Artificial Intelligence (AI), and particularly Machine Learning (ML), have changed the way many industries addressed numerous challenges over the last decade. They also aim to revolutionize (for the better) many aspects of our life (e.g., AI-assisted medicine, autonomous driving, etc.). ML methods are mathematical expressions, determined by a so-called neural architecture (e.g., convolutional neural networks, recurrent neural networks, transformers, etc.), whose coefficients are sought to best describe the structures in a dataset. This latter defines a workload whose characteristics are also neural architecture dependent. Despite CPUs and GPUs being extensively used for running these workloads, they are usually optimized for other tasks, resulting in inefficiencies (wall time, energy consumption, etc.). This has led to the appearance of numerous specialized hardware for ML: Google TPU, Apple M1 Neural Engines, GraphCore IPU processors, Cerebras CS Wafer Engine, and Sambanova among others. The rapid transformations that the ML field is experiencing makes it difficult to design a single optimize-all workloads architecture. Understanding the benefits of different hardware architectures under different constrains (size, latency, power, etc.) is important to sustain and accelerate ML progress.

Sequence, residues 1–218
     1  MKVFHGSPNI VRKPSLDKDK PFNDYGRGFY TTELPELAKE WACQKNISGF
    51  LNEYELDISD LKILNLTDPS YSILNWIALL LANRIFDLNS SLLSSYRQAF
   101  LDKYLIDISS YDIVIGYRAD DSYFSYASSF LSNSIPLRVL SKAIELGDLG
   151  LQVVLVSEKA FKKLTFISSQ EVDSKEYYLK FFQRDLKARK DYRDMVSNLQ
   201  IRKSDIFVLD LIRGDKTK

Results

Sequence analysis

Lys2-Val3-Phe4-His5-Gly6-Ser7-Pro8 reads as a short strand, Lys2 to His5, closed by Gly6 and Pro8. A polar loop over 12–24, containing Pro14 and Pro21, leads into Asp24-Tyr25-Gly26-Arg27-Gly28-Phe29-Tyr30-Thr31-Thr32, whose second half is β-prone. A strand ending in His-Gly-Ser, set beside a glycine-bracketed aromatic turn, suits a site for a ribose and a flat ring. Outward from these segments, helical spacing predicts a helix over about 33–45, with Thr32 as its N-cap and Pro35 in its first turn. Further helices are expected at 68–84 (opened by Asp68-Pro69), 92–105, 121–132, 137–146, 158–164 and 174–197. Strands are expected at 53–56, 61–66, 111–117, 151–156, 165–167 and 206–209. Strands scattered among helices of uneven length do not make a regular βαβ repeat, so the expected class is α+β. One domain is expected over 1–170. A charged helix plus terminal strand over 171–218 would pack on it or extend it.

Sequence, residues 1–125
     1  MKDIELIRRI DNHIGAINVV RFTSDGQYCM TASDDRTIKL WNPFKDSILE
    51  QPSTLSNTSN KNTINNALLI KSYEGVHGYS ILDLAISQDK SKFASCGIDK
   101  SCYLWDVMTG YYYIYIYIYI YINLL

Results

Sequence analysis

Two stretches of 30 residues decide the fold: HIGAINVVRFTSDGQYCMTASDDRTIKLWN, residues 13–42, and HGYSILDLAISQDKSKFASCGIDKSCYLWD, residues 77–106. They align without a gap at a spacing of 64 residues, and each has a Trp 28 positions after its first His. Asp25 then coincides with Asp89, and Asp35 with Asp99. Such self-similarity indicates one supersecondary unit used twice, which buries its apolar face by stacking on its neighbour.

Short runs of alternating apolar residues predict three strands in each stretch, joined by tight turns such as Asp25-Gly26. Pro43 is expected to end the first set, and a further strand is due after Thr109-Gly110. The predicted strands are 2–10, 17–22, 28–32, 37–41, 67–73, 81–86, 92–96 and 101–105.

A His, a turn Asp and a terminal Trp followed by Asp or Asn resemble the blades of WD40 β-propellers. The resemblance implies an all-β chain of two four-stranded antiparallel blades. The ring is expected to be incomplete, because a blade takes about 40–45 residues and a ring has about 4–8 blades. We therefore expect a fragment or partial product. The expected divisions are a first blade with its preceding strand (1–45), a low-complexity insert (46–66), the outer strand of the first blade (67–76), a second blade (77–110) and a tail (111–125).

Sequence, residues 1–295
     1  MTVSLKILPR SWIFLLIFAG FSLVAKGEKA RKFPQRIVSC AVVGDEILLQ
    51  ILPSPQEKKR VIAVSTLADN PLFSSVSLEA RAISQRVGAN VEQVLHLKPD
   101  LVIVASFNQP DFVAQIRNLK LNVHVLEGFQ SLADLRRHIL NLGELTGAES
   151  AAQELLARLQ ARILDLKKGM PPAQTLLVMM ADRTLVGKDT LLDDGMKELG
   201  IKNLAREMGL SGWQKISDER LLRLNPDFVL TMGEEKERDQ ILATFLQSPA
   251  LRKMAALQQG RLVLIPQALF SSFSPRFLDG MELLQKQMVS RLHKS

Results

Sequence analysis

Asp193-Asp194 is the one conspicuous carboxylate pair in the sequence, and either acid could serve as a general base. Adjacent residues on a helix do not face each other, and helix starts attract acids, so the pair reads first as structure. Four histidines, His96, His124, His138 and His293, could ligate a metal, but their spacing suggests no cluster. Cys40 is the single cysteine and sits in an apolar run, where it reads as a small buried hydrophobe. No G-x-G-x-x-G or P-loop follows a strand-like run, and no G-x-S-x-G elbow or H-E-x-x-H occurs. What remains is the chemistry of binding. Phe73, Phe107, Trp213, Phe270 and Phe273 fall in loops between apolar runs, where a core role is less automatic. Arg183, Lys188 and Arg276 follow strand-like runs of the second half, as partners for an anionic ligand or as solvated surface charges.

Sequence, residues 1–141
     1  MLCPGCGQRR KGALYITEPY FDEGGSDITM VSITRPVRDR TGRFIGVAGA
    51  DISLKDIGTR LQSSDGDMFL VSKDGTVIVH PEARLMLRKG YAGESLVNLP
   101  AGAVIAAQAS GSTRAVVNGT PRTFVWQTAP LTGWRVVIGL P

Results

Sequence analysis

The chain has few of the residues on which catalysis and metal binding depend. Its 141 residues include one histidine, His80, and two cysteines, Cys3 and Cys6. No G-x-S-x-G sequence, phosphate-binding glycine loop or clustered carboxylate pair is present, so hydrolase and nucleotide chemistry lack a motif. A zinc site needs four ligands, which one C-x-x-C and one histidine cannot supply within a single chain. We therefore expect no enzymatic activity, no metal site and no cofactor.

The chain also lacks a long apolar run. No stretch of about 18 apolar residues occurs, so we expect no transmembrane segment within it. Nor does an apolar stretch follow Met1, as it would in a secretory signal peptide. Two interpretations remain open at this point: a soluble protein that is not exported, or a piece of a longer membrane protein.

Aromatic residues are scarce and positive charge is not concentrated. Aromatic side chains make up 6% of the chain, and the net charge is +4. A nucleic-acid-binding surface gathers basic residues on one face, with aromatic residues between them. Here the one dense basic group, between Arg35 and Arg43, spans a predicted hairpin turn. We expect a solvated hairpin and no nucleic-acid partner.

The seminar goal is to dive into the existing panorama of hardware for AI by analyzing trade-offs between performance and functionality. The list of potential topics to be covered includes (but is not limited to):
- ML on the Edge
- ML on FPGAs
- Review of state-of-the-art AI HW (ASICs, GPU and CPU special instructions, etc.)
- Neural architectures and Hardware Accelerators
- Streaming Execution Models
- Sparsity Opportunities and Hardware Support
- Instruction Set Architecture for ML
- ML Workloads Bottleneck Analysis
The students will select material for the presentation, provide a report, and give a presentation.